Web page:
Oliama Derivière (1960 – February 9, 2014)
Oliama Deriviere (which means “of the river”, and the Water Goddess is the one who bestows the knowledge of healing in an underwater-initiation) was born as the oldest boy into a family of traditional Afro-Haitian healers. Trained since childhood in herbalism, traditional bone setting, and midwifery, his training also included subjects such as using the power of prayer, dream work, and astral traveling. The power of being a healer is passed down to only one child in such a family. Both of his father and mother were outstanding healers, and they passed their power to Oliama.
He never received formal schooling, and the fact that he was illiterate nor spoke French (the language of the educated) caused him much pain and embarrassment for the rest of his life. As an adult, he received such recognition for his healing skills, that the doctors at the hospital asked him to work as their assistant. “They asked me to fix all the difficult cases they did not know to treat”, he said “but always made it look like they had cured the person. I was severely underpaid and treated badly, so I finally quit” he continued with bitterness.
After the earthquake catastrophe, many people from his neighbourhood had badly smashed limbs and were lined up for amputation surgery. Seeing them, Oliama said “I can fix you”. Taking them home, he set their bones, applied herbs and healed their legs so they can now walk again.
Raised in the (non-black magic) voodoo tradition, Oliama converted to Christianity as an adult and became a fervent follower of Jesus. He always had us clinic staff on our knees praying to the Lord. By that time, Haitian herbalism and traditional healing had completely fallen out of favor, so after leaving his job at the hospital, Oliama worked as a brick layer, paid a few cents for each brick he laid. This was gruelling work for someone who had had childhood polio, as he was somewhat limping and struggling to walk.
Oliama married young, but his first wife, once pregnant, did not adhere to his expert herbal and midwifery advise, which ended in miscarriage and her subsequent death. He later married Nelia, with whom he had nine children. They managed to build a small house in the slums of Petionville, a garbage-filled ravine on the outskirts of Port-au-Prince. Nelia also comes from a family of healers, and Oliama trained Nelia in much of what he knew.
We continued to interview various traditional local healers for the Haiti clinic, but could never find anyone else whose knowledge and skill level could match that of Oliama. He provided an invaluable addition to the service we could offer at the clinic, as well as deep insight into local traditional healing models and herbs. Outside of clinic periods, Oliama served as the slum emergency midwife, delivering about 20 babies a month free of charge, as well as being called upon by his neighbors for all kinds of other medical emergencies by those who could not afford the hospital.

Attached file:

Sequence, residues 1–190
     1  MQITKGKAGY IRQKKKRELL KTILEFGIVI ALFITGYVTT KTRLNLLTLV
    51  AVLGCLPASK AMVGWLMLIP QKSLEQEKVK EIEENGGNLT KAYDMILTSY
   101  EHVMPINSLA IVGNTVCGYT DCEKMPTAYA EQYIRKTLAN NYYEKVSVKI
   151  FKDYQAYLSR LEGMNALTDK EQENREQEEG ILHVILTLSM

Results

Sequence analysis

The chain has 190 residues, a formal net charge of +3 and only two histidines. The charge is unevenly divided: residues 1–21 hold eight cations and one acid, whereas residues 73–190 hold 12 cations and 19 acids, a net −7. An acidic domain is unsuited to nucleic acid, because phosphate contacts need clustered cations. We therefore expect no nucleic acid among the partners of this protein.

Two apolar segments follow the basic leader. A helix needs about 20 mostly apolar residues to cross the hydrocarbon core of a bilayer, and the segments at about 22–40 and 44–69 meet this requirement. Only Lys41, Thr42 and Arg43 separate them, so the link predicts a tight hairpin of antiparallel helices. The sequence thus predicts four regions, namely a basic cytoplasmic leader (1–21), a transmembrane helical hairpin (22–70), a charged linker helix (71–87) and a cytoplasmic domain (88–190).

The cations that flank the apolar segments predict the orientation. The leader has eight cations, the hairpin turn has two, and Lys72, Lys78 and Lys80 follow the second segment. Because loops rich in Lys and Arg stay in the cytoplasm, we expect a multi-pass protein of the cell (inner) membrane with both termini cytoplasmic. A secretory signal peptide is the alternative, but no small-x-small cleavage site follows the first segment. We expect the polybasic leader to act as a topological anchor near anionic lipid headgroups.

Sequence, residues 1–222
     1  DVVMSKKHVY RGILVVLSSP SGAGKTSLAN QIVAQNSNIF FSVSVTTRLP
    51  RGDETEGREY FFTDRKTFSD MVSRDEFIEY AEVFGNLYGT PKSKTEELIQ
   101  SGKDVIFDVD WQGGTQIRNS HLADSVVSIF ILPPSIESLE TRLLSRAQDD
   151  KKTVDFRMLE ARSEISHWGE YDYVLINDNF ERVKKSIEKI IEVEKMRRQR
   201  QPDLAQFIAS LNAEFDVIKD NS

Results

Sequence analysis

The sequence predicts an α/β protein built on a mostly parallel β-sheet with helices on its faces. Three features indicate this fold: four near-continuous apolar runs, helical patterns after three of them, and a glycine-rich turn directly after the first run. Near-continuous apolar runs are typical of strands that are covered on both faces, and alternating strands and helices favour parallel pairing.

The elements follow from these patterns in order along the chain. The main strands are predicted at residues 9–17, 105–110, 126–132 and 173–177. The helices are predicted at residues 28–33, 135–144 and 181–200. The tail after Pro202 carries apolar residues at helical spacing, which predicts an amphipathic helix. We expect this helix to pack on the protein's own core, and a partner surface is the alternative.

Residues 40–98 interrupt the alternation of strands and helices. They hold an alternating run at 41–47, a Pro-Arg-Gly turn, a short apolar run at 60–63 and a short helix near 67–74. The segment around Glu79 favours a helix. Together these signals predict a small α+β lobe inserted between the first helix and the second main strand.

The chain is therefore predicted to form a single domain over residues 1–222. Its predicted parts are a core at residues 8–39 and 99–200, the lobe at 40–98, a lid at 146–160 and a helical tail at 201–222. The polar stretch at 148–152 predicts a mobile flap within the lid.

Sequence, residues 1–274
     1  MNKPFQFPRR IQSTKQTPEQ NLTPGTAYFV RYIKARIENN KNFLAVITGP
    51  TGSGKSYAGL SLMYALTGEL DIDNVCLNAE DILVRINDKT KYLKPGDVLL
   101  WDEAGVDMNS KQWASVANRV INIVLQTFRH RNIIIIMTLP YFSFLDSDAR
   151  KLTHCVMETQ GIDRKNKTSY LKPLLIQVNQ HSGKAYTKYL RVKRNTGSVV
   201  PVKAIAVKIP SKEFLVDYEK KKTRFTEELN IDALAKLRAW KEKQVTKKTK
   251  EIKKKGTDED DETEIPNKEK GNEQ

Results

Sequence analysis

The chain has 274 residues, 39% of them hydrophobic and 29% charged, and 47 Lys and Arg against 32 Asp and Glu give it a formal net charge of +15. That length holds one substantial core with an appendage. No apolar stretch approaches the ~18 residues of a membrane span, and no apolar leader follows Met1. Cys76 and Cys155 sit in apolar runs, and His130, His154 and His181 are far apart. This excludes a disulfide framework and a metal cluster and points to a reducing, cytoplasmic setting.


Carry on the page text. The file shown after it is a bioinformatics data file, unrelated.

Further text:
About a year ago, Oliama fell ill with diabetes and almost died at the hospital. At that time, we (Jinpa and Julia) sent some money to pay for his treatment. He joined us for the spring 2013 clinic, a shadow of himself and greatly weakened.
His death came suddenly. Oliama passed in a diabetic coma, probably brought on by his lack of proper food. Always struggling to send all of his children to school, he ate only the cheapest of food: white flour and white sugar—which he should never have eaten.
As a result of working for us at the clinic—for being seen work hand-in-hand with these magnanimous “foreign gods” from the mysterious rich countries—his recognition in his neighbourhood greatly improved. People suddenly remembered “Oh yes, we have natural medicine, too! I can go to see my local leaf doctor!”
Because of him, the clinic also came to serve the slum on several occasions, and he received the credit for having brought free treatment to the area. Seeing Oliama work side by side with us was a further strong endorsement of him in people’s eyes. Each clinic would bring Oliama a new small stream of clients, and those in a position to pay would do so.
Working at our clinic meant he was able to stop working as a brick layer, instead working from home as a healer. He brought some of his clients to see us for a free homeopathic treatment, which further cemented his status, and he learned to add some homeopathic Arnica to his bone setting sessions!
We will always remember Oliama with fondness, and remain grateful for all he contributed to the clinic and its 15,000 patients. He was instrumental in some of the lives we saved in our last five missions.
Oliama was a true master in his tradition: a docteur feuille or leaf doctor. Sadly, discrimination had taught him to be ashamed of his African roots. It is ironic that the first recognition for being a master of his art came from us, traditional healers trained in developed countries. He savored our admiration for his knowledge and was as eager to learn from us as we were from him. Co-treating patients with him at the clinic was one of our joys.
His death is a great loss to his country and his tradition. Living a small life with little recognition, he was nonetheless possibly the greatest docteur feuille left in all of Haiti. A master diagnostician, he said “When I saw you (foreign healers at the clinic) diagnose people by looking at patients and by touching them, rather than with machines and tests, I knew you were true healers.”
While we know that he was not able to pass every single one of his skills to Nelia, we will continue to do our utmost to have her work with us at the clinic. We hope she may be able to carry on their little herbal practice, part of a very shy renaissance of natural healing in Haiti which has been greatly helped by the US culture’s embrace of traditional herbal methods. It will of course be much harder for her, as a woman healer in a still very patriarchal society.